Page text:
We walked through romantically lit Palace of Diocletian, a historical complex built between the 3rd and 4th centuries AD. The "palace" is eight acres of enclosed space - winding pedestrian paths amongst the ancient ruins, four marvelous gate entrances and shops and restaurants tucked galore within the medieval walls. It's like its own little town, the former residence of the Roman Emperor, Diocletian built initially in preparation for his retirement, and today it stands as the world's most complete remains of a Roman palace. Freaking MIND BLOWING, I TELL YOU. I could walk around and get lost all day in this lovely space.
The next day, we walked along the sunny Riva, walked up to Marjan Park and grabbed the best views of the city. Marjan is a hill overlooking the sea and city, and after several hundred steps, you discover all of Split in one panoramic view. After snapping a few selfies, we made our way back over to the palace area and toured the Cellars, the underground of the Palace of Diocletian that is actually a mirror image of the floorplan of the emperor's residence. The rooms are these empty ancient walls, incredible to walk through and explore under the bustling city. We were only two of a handful of people walking around, so it made the experience of walking amongst the impressive maze that much better. We stumbled upon an art exhibit which they often use the rooms for (think how beautiful it would be to see a fashion show, a play or the International Flower Show down there which they do host regularly). Bucket List item for sure now - book The International Flower Show in Split.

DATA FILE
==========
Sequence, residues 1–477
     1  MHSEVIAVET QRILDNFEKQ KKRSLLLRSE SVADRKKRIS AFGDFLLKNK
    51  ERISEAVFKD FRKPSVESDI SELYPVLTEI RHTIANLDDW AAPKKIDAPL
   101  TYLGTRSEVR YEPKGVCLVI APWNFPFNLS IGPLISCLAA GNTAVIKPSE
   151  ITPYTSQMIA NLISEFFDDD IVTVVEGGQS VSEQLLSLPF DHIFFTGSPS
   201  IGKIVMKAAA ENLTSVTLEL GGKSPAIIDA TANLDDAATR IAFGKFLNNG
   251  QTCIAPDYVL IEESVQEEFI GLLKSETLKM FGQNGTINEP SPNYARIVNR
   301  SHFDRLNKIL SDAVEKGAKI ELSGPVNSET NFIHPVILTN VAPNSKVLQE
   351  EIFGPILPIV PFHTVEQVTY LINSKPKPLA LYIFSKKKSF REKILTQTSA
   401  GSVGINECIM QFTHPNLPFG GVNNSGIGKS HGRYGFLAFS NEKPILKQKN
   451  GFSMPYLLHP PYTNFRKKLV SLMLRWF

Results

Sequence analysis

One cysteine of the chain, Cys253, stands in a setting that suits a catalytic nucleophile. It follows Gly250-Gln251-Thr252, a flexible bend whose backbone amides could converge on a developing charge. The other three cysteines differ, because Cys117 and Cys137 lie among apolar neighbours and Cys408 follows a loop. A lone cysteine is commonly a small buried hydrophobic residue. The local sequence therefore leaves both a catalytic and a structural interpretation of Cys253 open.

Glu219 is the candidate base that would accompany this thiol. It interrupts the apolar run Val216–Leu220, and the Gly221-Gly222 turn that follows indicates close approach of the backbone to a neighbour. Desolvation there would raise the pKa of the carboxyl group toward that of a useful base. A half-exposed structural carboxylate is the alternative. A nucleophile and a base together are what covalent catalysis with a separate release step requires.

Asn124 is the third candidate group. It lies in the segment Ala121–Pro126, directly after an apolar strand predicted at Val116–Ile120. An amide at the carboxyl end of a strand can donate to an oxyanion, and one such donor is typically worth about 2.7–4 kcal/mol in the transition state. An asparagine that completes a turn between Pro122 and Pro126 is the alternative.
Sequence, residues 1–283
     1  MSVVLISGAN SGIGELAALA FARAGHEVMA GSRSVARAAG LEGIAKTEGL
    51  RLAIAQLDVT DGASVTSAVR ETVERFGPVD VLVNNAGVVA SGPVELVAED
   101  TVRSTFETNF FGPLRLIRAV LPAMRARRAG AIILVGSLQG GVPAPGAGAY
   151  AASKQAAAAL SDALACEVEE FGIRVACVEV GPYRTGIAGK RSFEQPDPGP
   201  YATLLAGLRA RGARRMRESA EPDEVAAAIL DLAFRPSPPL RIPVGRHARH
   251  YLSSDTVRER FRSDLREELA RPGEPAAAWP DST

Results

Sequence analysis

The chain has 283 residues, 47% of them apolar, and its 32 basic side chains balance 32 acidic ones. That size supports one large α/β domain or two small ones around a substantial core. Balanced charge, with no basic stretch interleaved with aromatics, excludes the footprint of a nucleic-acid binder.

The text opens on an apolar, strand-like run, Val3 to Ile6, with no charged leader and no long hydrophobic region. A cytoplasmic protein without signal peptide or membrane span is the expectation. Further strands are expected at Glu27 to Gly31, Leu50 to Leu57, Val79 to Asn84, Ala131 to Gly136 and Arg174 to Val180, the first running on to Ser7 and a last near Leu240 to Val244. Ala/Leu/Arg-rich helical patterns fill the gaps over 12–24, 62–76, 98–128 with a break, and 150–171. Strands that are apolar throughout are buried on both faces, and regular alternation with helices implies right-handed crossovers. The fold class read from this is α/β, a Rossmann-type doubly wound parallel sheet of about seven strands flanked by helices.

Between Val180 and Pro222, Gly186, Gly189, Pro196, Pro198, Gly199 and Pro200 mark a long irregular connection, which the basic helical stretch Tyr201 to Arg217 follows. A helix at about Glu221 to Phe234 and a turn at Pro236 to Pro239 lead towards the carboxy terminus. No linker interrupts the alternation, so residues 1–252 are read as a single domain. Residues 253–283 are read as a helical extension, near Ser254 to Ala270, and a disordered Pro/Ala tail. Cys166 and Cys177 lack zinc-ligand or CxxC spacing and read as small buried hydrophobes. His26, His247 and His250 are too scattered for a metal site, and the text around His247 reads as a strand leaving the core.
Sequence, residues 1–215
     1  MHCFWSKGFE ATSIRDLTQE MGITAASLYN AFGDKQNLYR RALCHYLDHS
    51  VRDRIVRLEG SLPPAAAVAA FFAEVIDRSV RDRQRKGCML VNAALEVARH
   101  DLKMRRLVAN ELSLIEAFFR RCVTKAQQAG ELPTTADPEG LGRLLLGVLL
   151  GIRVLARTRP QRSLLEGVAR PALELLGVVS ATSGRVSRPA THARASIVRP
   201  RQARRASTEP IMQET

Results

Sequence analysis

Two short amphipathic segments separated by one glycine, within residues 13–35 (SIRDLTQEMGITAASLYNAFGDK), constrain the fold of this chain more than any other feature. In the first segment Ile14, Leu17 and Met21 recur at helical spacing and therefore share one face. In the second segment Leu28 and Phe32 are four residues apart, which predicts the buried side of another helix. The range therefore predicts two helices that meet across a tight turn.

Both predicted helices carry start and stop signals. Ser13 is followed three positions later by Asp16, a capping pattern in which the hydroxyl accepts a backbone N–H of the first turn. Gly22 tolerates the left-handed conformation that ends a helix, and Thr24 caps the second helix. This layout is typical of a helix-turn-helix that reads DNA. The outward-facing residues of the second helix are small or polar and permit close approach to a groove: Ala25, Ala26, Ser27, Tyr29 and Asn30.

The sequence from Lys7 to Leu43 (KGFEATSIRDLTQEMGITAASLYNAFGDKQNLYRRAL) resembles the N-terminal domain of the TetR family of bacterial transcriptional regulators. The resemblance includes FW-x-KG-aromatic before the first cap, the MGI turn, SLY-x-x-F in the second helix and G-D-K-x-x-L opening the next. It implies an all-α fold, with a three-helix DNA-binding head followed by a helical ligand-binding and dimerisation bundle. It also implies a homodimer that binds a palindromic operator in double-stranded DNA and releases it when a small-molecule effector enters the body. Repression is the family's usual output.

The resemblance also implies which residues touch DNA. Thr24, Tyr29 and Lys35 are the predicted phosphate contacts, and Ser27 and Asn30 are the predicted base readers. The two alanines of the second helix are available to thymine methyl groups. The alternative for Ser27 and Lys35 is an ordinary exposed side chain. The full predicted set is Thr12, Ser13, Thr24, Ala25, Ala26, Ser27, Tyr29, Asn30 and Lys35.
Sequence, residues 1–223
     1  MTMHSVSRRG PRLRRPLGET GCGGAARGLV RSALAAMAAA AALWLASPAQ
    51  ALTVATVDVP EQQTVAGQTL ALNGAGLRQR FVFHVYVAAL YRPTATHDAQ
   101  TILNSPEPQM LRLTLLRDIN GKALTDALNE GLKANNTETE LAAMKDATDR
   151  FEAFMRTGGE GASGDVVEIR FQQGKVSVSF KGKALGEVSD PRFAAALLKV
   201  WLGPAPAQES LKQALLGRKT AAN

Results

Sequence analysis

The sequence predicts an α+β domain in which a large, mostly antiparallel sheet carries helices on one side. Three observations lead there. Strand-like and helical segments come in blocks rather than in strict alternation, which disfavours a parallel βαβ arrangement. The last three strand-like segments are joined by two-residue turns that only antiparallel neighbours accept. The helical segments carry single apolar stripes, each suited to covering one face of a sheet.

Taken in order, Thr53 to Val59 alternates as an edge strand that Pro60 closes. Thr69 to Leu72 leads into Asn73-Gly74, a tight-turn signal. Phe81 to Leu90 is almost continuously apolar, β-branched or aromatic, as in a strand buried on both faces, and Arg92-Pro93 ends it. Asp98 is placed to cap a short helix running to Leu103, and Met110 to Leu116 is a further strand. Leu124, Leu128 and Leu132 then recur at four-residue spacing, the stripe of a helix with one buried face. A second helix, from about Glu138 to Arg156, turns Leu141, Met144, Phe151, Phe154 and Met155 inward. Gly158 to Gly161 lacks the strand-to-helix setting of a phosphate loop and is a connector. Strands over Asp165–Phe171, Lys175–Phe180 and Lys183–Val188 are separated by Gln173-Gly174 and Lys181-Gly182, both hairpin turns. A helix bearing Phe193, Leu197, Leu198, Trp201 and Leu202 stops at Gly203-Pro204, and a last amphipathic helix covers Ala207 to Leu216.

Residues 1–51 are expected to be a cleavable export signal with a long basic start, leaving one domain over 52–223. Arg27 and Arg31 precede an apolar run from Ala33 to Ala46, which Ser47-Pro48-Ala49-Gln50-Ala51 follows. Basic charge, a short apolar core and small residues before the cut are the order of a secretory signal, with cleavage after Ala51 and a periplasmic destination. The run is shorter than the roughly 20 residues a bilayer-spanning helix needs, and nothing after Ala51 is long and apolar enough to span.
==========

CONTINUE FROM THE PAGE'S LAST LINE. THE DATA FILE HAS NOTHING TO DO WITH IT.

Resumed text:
Once, we reached the sunshine again above ground, we walked the outskirts of the palace where you'll find an open air market full of vendors selling antiques, crafts, and other souvenirs. I bought a tiny painting of Split by a painter there who takes scraps of wood and paints little Croatian landscapes on them. Jon bought a little statue of the massive statue he's rubbing the toe of below. This guy's name is Gregory of Nin and he was sculpted by the same guy I mentioned previously, Ivan Mestrovic. He was a medieval bishop (circa 929) who introduced the national language. If you rub his toe, it's good luck. So here's Jon gettin' lucky.
We settled into the evening walking around the city I quickly crushed on and stopped for fresh mussels and pizza at Konoba Pizzeria Feral - so delicious, take me back! Ending our last night, we sipped on Croatian wine and various cocktails at one of the many outdoor cafes within the palace walls.
Split was straight out of a fairytale, and we can't wait to go back to Croatia and discover even more of the Dalmatia coastline. Dubrovnik, we're comin' for ya.